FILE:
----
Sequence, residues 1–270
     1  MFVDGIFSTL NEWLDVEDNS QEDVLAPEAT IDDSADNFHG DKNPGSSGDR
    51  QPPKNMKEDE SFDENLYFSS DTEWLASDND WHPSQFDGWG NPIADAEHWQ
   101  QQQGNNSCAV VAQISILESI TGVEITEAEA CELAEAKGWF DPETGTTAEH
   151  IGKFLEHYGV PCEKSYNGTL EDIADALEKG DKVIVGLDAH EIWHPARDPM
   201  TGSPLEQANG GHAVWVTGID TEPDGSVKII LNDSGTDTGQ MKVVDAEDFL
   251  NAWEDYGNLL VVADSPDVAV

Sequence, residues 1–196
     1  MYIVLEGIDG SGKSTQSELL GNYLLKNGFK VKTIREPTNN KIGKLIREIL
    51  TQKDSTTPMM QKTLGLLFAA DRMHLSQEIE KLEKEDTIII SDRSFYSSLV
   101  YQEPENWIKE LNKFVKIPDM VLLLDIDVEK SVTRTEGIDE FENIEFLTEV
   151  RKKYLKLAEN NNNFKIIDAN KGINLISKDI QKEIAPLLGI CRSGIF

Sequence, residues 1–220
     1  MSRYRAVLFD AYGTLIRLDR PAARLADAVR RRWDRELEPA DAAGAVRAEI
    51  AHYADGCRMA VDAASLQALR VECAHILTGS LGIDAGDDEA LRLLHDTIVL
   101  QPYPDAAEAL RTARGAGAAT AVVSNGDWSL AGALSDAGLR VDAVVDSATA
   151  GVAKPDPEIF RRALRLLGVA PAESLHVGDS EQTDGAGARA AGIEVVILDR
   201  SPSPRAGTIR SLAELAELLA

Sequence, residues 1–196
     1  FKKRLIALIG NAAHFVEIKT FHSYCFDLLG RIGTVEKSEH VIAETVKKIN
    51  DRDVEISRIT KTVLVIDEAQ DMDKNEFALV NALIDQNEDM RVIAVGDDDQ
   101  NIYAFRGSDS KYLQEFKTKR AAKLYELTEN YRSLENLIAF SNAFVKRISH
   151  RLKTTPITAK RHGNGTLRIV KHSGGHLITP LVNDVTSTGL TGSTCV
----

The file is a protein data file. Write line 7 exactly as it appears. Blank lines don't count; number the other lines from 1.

   251  NAWEDYGNLL VVADSPDVAV